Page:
I’m part of a faith sharing group that meets once a week to discuss, among other things, our church’s weekly readings. Although no one knew this but me, for my 25th wedding anniversary, I’d planned to go to Alaska. Unfortunately, the marriage didn’t last 25 years, so my trip wasn’t happening. Or so I thought. One night about a year and a half ago, the subject came up spontaneously during a meeting. “I’ve always wanted to go to Alaska,” I said. And one of my group mates, said, “So have I. I even have a special fund set aside for it. I’ve been saving for years.” Great, I said. “Let’s go.” I looked around the room. “Now what do we do?”
A third member at the meeting said, “You should contact E. She’s been to Alaska, and knows all about cruising.” So the next morning I emailed E and said, “C and I want to go to Alaska. What can you tell us?”
Next thing I knew, E was sending us “Ready to Start Dreaming?” emails and had signed on for the trip. Not only signed on, but she was happy to do the research and keep an eye out for the best deals.
A few months later, four of us got together one afternoon at E’s and discussed our options. We chose which travel package we wanted, and E put a notice out to the whole church that this was what we were doing and anyone else who wanted to come was welcome.
It was the talk of the church. Everywhere I went, I heard, “I hear you’re going to Alaska.”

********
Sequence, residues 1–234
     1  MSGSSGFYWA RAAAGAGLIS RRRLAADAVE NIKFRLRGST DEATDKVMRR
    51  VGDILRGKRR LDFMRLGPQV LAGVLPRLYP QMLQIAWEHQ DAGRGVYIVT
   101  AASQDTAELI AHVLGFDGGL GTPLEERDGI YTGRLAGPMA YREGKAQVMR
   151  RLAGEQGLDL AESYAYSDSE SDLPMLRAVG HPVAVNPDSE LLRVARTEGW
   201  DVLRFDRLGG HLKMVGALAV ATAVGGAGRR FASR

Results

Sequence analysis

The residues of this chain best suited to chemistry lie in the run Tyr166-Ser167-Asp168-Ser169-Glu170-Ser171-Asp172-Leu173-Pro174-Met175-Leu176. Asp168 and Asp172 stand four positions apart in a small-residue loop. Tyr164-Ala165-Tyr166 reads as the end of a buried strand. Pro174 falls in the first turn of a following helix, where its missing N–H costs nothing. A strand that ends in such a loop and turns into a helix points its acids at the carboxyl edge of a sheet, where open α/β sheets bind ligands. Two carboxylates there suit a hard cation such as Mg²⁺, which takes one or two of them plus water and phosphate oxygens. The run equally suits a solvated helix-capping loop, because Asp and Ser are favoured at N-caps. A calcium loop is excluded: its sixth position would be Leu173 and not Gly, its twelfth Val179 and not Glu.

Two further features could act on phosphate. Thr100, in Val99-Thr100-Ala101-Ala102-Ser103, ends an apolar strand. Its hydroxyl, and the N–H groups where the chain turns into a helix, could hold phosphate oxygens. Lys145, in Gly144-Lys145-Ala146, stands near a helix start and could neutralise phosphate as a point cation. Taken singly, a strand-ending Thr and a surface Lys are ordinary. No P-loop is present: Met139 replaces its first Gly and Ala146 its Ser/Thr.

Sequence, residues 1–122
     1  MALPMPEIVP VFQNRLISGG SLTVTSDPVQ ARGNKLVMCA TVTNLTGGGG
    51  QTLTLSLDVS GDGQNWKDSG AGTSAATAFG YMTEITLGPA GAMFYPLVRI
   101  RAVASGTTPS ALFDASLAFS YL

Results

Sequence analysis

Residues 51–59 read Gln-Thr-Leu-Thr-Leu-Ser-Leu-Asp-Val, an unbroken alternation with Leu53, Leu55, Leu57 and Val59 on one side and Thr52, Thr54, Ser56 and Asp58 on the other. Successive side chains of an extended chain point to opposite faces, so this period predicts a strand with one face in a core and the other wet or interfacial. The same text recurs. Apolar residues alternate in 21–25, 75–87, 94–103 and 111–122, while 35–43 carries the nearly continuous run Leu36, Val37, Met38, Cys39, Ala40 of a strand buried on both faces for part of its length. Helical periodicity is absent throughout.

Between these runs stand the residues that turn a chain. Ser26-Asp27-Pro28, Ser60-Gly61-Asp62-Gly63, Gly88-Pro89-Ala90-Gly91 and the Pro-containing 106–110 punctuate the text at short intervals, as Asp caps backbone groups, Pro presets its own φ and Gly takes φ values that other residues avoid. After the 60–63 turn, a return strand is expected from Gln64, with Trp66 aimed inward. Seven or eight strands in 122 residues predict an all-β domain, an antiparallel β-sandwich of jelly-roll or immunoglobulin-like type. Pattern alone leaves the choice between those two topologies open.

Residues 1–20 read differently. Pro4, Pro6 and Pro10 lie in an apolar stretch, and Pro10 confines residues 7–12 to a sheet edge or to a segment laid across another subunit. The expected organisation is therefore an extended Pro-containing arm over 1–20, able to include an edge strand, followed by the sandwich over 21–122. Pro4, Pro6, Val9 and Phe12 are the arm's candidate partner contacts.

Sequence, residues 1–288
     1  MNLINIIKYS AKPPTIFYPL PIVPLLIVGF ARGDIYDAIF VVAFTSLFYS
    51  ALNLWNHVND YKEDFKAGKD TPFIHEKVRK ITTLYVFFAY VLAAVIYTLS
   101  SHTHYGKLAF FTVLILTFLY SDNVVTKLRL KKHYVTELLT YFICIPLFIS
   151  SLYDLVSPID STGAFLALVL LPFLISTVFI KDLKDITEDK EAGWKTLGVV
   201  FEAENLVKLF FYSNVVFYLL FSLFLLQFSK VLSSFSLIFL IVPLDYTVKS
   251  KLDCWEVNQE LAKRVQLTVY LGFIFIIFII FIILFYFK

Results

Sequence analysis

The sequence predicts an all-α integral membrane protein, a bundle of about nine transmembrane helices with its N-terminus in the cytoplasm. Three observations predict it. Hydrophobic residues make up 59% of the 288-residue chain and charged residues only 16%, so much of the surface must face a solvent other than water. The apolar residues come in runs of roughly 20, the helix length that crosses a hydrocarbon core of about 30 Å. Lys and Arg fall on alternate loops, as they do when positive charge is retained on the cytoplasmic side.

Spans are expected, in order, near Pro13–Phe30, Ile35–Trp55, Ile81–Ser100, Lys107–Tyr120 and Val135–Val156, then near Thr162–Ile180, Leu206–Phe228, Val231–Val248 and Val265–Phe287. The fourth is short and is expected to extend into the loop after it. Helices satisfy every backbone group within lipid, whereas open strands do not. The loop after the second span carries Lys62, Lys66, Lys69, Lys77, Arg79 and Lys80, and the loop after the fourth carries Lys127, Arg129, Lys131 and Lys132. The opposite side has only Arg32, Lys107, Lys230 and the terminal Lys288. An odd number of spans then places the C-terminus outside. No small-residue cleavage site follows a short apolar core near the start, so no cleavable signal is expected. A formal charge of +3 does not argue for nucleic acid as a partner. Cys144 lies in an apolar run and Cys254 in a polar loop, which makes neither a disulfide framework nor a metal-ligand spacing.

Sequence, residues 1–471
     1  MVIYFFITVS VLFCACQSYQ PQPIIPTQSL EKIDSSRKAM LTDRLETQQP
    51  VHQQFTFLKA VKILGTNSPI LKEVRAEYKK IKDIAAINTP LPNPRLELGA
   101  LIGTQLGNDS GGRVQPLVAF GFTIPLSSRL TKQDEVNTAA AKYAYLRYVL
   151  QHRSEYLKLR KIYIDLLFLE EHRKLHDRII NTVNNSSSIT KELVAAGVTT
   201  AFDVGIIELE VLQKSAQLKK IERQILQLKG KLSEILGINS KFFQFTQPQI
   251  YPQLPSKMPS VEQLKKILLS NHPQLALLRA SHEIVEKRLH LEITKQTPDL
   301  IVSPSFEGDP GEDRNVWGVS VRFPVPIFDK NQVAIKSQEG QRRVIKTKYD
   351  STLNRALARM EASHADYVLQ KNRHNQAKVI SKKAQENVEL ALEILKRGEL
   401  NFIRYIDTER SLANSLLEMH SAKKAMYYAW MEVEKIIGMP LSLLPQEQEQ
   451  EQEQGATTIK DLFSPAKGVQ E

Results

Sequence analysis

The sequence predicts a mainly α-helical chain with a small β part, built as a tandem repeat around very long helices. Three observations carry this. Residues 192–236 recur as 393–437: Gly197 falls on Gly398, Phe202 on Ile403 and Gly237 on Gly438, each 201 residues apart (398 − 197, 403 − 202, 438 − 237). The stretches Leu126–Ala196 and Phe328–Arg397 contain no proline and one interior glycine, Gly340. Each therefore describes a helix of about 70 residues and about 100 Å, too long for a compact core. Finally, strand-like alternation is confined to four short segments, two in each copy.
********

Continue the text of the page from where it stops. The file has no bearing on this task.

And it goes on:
Then one day another woman came up to me, hugged me, and said, “Because of you, I’m going to Alaska.”
Turned out each of us had been wanting to go for years, but thought we didn’t have anyone to go with. In the end 7 of us went. We arrived in Seattle separately and left Fairbanks separately, but in between, we shared at least a couple dozen fantastic meals and a thousand memories. I came home with 450 pictures, now whittled down to a perpetual 300 frame slide show in a digital picture frame. Others took up to 1000 shots. We met again for dinner five weeks later to exchange more Alaskan memories and DVDs of our photos.
We also decided, while still aboard ship, that this would be the first of many such trips. Why? It provided the best of both worlds. Independence and connection. During the cruise, we did not travel as a group. We each went our separate ways. I, for one, need a lot of *alone* time. I spent a great deal of the cruise standing at the back of the ship, taking pictures of where we had just been. During the day, I explored the ship on my own, taking in lectures, movies, or simply people watching. In the evenings, the group met for dinner in one of five traditional dining rooms, took turns buying a bottle of wine to go with dinner, shared a toast, and then shared what we had done that day–what excursions we went on, if/how we liked them, what we would do differently next time.
After dinner, we usually went to a show. After that, we sometimes stayed together, but more often broke up into smaller groups due to different tastes in music. Some went dancing, some went to listen to crooners or karaoke. None of us went to sleep. Land of the midnight sun. Indeed. It never got dark out, which confused us (and made us glad we had inside cabins!). We’d be sitting around, talking about what to do next, look out the window and say, “Sure, we have time. It’s still light out.”